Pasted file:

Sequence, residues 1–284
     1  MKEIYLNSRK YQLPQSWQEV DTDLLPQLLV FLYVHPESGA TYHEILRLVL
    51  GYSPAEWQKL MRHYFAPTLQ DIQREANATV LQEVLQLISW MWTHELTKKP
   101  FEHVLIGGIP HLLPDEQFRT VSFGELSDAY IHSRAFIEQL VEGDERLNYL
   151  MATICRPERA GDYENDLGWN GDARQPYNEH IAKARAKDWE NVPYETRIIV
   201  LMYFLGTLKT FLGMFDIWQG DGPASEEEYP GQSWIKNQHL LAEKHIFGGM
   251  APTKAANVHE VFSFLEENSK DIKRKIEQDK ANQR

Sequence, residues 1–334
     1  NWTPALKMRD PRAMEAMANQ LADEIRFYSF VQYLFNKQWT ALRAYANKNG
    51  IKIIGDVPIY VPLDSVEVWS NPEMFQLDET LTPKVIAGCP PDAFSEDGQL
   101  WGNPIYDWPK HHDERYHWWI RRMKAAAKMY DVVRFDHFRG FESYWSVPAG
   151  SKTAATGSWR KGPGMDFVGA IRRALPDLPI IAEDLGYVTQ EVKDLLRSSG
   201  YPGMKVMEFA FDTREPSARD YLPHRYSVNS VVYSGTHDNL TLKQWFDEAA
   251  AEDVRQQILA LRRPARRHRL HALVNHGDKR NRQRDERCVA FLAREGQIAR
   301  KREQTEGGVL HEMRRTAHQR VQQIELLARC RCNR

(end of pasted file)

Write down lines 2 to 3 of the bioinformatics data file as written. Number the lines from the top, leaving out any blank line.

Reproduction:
     1  MKEIYLNSRK YQLPQSWQEV DTDLLPQLLV FLYVHPESGA TYHEILRLVL
    51  GYSPAEWQKL MRHYFAPTLQ DIQREANATV LQEVLQLISW MWTHELTKKP